An annual resown cover crop which comprises a specific cultivar of Brassica napus selected for its glucosolinate profile/concentration and its potential biofumigation benefit. Nemcon targets root knot nematode (Medoidogyne spp.) and root lesion nematode. Incorporation of Nemcon into the soil should be done when the crop is approaching flowering. This will ensure maximum yield and negate the potential for volunteer crops.
NEMCON (Brassica napus) is a naturally occurring tetraploid cross of two other common brassica species Brassica oleracea (Kale/Cabbage species) and Brassica rapa (Turnip). As part of their natural make-up, the plant tissue of the Brassica family contain high levels of a chemical called glucosinolates (GL’s). This is the chemical which gives mustard its hot tangy taste.
The use of these naturally occurring chemical compounds for the control of soil borne pests and diseases is called biofumigation. Biofumigation is conducted by isothiocyanates (ITC’s) , a result of the breakdown of the GL’s. The enzyme myrosinase is a key part of this breakdown process.
NEMCON targets root knot nematode (Meloidogyne spp.) and root lesion nematode. Both are microscopic, soil dwelling , worm like organisms that feed on roots, causing small lumps or galls (Meloidogyne spp) or the rotting of feeder roots (Pratylenchus spp). Infected plants gradually decline in vigour, particularly on sandy and sandy loam soils, and are sensitive to stress.
The nematodes may be present in the soil at planting time or may be introduced with soil on implements, in dust, in seepage, or in run-off water from contaminated areas. They can also be present on roots of other introduced plants. Nematodes complete their life cycle (eggs to larvae to adults) in the soil and/or in the roots of plants. They can infect a wide range of fruit trees, vegetables, crops and pasture species. For an effective control of these organisms the key is to maximise GL production then create an environment for an efficient conversion to ITC’s.
Sowing of NEMCON is critical given the small seed size (295,000/Kg). If sown below 1cm, germination will be compromised. This product should be sown into a well prepared seedbed. Sowing rates for broad acre applications should be 20Kgs/Ha. If the product is used for inter-rows the sowing rate can be reduced to 10kgs/Ha. It is important to keep sowing rates at these levels to ensure, effective competition against weeds, maximum biomass production and finally to ensure each individual plant produces thin stems to aid incorporation.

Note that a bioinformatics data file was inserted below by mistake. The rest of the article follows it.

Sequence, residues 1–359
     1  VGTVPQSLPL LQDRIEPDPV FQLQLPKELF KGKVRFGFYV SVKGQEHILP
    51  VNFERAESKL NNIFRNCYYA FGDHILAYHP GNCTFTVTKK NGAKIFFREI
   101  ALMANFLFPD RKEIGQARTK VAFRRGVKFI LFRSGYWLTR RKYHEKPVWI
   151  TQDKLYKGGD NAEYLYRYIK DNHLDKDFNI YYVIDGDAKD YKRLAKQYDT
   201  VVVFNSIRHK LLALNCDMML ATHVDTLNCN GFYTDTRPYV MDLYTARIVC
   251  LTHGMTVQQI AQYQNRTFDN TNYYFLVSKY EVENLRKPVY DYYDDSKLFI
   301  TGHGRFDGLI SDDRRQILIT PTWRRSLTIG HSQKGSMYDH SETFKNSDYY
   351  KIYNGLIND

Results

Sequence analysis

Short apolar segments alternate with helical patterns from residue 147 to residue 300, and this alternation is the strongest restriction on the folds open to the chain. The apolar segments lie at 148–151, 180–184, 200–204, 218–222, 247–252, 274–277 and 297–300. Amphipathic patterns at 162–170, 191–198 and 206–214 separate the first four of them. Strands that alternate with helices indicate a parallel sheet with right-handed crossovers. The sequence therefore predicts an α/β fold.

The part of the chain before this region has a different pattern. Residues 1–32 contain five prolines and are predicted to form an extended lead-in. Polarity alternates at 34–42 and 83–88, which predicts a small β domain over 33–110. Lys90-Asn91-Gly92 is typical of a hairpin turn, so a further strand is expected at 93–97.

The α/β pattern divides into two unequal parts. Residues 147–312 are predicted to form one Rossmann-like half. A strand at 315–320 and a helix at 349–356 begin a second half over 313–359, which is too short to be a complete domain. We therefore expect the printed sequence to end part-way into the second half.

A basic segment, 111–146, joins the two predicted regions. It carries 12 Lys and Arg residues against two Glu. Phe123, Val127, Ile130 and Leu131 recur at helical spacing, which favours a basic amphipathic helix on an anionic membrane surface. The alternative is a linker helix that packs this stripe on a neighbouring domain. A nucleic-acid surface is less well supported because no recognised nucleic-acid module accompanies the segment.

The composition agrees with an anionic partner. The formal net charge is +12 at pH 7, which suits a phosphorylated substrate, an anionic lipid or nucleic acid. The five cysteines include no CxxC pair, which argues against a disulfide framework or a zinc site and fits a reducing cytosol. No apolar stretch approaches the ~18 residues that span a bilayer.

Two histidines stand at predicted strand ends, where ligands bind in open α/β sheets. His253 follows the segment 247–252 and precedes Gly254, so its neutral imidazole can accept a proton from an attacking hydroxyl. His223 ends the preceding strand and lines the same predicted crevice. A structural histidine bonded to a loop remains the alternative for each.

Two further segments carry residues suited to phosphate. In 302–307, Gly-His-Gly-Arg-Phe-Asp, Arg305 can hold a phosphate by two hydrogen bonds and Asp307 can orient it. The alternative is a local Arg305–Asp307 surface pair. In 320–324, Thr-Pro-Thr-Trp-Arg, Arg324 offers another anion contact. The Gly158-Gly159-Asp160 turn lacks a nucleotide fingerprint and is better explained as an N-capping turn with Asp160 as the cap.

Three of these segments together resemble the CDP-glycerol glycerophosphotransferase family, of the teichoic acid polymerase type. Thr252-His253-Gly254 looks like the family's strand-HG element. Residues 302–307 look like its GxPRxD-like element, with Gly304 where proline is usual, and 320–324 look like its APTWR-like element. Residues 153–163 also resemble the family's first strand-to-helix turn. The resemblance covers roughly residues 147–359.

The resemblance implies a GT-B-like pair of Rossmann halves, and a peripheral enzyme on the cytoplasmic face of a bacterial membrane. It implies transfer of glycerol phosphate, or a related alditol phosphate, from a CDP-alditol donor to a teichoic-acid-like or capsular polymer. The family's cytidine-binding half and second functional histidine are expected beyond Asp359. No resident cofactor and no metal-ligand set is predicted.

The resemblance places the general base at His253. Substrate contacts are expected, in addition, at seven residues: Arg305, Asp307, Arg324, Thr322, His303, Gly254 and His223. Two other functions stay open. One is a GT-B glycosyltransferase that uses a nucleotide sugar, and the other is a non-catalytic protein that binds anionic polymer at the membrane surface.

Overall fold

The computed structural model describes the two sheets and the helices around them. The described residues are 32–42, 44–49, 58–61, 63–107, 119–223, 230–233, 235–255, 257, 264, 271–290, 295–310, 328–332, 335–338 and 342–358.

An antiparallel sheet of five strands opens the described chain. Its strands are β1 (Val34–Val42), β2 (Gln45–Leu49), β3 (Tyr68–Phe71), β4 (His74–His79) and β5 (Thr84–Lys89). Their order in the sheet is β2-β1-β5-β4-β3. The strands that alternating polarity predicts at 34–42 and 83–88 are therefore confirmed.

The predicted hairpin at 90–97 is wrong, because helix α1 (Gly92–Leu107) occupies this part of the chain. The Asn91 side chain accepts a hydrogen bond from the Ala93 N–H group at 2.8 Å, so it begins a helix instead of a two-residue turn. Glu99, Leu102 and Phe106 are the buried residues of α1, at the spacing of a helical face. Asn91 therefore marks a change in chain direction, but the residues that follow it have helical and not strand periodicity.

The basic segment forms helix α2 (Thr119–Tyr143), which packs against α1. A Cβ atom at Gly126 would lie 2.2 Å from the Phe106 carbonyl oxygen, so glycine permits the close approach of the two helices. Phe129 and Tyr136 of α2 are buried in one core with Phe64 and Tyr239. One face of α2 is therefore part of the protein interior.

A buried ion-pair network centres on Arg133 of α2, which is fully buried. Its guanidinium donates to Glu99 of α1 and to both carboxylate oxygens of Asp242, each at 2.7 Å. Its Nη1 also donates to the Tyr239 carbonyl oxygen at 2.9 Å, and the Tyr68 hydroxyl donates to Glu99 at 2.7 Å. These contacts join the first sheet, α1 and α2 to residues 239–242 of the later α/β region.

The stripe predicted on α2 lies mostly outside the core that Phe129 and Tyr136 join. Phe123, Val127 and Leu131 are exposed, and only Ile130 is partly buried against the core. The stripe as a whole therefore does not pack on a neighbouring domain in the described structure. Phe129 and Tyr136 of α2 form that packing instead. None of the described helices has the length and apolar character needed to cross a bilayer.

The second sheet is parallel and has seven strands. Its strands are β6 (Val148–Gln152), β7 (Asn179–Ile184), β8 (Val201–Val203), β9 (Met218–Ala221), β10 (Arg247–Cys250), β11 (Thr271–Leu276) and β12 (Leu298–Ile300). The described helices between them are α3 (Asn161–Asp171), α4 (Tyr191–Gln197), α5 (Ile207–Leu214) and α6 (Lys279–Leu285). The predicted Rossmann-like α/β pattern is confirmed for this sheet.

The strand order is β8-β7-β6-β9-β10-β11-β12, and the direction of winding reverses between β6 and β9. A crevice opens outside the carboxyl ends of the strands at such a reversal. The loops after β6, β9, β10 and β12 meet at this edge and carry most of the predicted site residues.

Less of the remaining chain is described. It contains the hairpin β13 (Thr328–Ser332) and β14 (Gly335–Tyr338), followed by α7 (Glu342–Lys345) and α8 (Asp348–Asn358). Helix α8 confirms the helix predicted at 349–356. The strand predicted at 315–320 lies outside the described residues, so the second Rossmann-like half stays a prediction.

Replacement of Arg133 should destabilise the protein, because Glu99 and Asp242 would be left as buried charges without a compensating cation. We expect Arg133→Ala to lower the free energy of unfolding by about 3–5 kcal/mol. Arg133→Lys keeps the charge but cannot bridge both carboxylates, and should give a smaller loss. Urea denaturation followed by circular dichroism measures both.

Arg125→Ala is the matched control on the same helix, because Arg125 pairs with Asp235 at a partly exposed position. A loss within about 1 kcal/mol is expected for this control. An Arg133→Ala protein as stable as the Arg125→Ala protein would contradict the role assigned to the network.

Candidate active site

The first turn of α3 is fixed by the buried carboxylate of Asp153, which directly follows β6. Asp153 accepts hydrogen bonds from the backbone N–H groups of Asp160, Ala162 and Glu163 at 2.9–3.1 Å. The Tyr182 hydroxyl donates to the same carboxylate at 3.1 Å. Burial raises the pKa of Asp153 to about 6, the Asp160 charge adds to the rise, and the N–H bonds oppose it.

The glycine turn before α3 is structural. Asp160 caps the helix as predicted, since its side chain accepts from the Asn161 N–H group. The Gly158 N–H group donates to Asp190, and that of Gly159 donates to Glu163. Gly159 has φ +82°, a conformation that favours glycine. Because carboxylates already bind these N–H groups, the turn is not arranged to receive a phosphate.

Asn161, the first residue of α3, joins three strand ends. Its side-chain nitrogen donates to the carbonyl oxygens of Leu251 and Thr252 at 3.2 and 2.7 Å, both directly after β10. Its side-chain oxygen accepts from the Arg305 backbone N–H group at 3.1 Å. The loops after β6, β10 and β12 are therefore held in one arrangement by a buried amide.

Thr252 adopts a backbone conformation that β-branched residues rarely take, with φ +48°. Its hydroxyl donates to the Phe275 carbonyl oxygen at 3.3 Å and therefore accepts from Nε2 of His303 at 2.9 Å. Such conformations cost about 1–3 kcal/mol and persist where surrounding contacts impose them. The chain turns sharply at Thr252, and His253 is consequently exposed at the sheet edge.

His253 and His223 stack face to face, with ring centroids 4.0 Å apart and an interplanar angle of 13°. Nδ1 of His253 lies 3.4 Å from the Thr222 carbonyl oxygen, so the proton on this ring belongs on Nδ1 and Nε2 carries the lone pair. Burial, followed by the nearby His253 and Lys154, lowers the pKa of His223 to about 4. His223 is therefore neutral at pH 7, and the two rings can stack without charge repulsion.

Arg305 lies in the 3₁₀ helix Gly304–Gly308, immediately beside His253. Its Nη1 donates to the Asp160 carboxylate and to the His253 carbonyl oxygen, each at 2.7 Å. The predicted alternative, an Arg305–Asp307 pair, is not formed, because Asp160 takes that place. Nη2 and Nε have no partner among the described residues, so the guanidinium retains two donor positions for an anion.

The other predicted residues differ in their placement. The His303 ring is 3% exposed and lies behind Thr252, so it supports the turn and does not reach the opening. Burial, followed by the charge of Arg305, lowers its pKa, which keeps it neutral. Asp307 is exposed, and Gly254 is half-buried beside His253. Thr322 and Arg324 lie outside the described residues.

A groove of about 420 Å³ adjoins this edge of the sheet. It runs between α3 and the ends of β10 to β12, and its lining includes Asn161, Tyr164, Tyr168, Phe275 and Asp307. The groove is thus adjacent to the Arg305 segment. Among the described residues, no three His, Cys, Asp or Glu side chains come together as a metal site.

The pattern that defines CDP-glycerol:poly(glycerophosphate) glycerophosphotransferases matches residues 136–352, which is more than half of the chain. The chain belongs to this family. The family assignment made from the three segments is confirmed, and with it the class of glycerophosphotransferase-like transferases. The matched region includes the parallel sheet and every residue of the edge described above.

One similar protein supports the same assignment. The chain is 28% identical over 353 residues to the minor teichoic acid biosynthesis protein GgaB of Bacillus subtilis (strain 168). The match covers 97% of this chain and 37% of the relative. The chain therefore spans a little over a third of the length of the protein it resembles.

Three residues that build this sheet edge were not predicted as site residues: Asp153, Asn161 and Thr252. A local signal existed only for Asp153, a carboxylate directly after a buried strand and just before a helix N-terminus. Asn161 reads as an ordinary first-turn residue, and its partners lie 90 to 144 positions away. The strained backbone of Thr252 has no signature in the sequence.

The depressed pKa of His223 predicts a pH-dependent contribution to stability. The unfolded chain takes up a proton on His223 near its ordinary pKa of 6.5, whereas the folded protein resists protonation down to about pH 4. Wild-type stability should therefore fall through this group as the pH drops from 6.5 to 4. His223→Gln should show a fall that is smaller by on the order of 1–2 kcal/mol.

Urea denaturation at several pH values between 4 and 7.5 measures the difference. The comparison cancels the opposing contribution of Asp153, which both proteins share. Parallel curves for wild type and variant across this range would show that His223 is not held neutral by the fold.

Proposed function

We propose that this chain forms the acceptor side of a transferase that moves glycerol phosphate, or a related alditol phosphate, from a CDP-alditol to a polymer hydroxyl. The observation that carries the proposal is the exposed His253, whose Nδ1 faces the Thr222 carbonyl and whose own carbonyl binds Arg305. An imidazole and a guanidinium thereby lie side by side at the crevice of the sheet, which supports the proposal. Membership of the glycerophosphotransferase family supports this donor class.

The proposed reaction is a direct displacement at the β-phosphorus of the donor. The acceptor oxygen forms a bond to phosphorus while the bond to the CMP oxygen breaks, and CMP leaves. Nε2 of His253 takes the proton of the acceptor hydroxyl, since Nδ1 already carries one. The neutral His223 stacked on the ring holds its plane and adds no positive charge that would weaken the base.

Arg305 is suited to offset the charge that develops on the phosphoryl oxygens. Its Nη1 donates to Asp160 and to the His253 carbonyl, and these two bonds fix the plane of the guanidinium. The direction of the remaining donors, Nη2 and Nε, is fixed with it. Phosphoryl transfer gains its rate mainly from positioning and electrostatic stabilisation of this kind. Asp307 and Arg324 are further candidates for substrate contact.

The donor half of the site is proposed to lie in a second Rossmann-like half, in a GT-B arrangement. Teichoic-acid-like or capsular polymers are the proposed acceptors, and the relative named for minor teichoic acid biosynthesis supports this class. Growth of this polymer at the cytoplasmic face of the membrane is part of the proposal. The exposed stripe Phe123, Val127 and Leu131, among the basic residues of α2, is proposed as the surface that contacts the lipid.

NEMCON is very responsive to Nitrogen and Sulphur. These two elements along with Carbon and Hydrogen are essential in the formation of both GL’s and ITC’s. As in all situations a soil test should be conducted to ensure adequate soil nutrient levels. A standard recommendation of fertiliser can include up to 100kgs/ha of Nitrogen split over several applications. A standard recommendation would include approximately 60Kgs/ha of DAP and 60Kgs/Ha of SOA broad cast and incorporated within 1 week prior to sowing. NEMCON will be responsive to extra applications of fertiliser particularly at the bolting stage, post emergence.
The final stage of the process is incorporation. This should be done when the crop is approaching flowering. This will ensure maximum yield but negate the potential of volunteer plants in following crops. As mentioned earlier myrosinase is the enzyme that aids the breakdown of GL’s to ITC’s. Myrosinase activity is greatly enhanced by mechanical damage to cells. Thus when incorporating NEMCON into the soil, rotary hoeing should be used in preference to cultivation. After incorporation immediate irrigation is required. Isothiocyanates are inherently a very volatile compound. The volatility is reduced by the irrigation and the moisture also aids in the speed of the breakdown process.